Foster + Partner’s controversial renovation plans for the New York Public Library (NYPL) are currently in a state of limbo while the city decides their course of action. Foster’s proposal for the 20th century Carrère and Hastings “masterpiece” on 5th Avenue is a response to the cultural shift from traditional stacks to online resources, as the library has experienced a 41% decrease in the use of collections over the last 15 years.
“How can a $3.94 billion building be made to look cheap?” A small part of Santiago Calatrava’s World Trade Center Transportation Hub has been opened to the public, and the critics aren’t impressed. According to the New York Times’ article by David Dunlap, the buildings “chunky fixtures” and “rough workmanship” “detract from what is meant to be breathtaking grandeur.” Read more, here.
Tadao Ando has been commissioned to design his first New York City building. Though little information has been released, the residential development firm Sumaida + Khurana has closed a deal with the Japanese architect to design a 32,000 square foot, eight-unit, luxury condominium building at 152 Elizabeth Street in Nolita. Construction is expected to begin later this year and the building will be completed in 2016.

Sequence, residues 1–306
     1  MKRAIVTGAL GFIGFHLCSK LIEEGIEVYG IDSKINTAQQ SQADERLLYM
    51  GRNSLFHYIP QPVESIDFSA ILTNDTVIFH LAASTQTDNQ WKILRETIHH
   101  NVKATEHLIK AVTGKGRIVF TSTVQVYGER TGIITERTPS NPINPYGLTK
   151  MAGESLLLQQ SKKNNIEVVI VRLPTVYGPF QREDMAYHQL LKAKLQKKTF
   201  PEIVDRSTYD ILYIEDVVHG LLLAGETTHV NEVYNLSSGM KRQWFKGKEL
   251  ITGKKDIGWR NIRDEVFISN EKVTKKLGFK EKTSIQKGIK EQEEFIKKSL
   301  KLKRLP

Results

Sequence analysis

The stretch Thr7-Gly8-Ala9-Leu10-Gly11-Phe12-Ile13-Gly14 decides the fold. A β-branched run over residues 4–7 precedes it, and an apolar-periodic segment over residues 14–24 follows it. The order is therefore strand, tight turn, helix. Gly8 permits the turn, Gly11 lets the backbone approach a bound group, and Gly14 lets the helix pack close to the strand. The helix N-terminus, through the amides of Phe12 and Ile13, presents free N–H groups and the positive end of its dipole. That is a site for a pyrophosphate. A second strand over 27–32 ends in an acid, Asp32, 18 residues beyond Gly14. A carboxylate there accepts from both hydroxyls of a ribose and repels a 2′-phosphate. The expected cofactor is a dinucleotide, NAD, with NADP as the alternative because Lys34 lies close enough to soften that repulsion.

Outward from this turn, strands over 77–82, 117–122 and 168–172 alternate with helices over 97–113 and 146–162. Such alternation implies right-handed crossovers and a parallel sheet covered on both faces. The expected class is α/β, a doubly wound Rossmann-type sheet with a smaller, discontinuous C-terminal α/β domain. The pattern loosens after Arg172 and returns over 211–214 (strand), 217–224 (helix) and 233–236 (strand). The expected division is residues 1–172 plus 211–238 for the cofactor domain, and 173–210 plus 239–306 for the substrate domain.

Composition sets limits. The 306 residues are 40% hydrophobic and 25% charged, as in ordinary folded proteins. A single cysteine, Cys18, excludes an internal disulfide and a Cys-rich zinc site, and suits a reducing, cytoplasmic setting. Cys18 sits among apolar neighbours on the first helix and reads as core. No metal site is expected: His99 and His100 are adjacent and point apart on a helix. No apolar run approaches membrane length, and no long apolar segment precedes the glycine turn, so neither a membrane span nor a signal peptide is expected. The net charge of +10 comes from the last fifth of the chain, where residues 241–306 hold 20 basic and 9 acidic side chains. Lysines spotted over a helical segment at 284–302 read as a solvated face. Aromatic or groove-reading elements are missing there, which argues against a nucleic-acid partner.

Eyebeam, a non-profit art and technology center currently based in Manhattan, has commissioned WORKac to design its future Brooklyn home. Planned for the corner of Lafayette Avenue and Ashland Place, within a mixed-use development designed by Dattner Architects and Bernheimer Architecture that will include market-rate and subsidized housing as well as a restaurant, the 27,000 square foot cultural facility will accommodate for the organization’s world-renowned artist residency program, diverse public programming and innovative education offerings for adults and teens. According to the developer, Jonathan Rose Companies intends to break ground next year with completion slated for late 2016.
Architects, Sociologists and Environmentalists explore the intersection between design and the social sciences at large by explicating the concept of “city” and “citizen” in parallel.
Cities and Citizenship is a three-day symposium, consisting of a conference series and workshops, that explores how the design of cities can promote a more engaged citizenry.
The event will engage leading designers, architects, landscape architects, planners, urbanists, historians, and scientists. Cities and Citizenship is co-sponsored by the Goethe-Institut New York, Parsons The New School for Design, NYU Gallatin School of Individualized Study and Global Design NYU.